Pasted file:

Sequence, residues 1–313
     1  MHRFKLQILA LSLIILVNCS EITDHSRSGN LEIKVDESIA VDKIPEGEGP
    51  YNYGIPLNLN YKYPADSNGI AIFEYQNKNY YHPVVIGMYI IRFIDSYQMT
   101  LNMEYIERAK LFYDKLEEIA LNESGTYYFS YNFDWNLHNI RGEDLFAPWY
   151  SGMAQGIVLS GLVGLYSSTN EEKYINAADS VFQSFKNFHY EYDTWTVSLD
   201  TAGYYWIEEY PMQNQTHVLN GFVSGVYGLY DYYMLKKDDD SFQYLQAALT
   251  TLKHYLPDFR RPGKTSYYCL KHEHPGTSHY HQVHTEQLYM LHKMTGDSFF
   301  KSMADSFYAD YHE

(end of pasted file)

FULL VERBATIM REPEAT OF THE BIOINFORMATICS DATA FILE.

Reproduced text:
Sequence, residues 1–313
     1  MHRFKLQILA LSLIILVNCS EITDHSRSGN LEIKVDESIA VDKIPEGEGP
    51  YNYGIPLNLN YKYPADSNGI AIFEYQNKNY YHPVVIGMYI IRFIDSYQMT
   101  LNMEYIERAK LFYDKLEEIA LNESGTYYFS YNFDWNLHNI RGEDLFAPWY
   151  SGMAQGIVLS GLVGLYSSTN EEKYINAADS VFQSFKNFHY EYDTWTVSLD
   201  TAGYYWIEEY PMQNQTHVLN GFVSGVYGLY DYYMLKKDDD SFQYLQAALT
   251  TLKHYLPDFR RPGKTSYYCL KHEHPGTSHY HQVHTEQLYM LHKMTGDSFF
   301  KSMADSFYAD YHE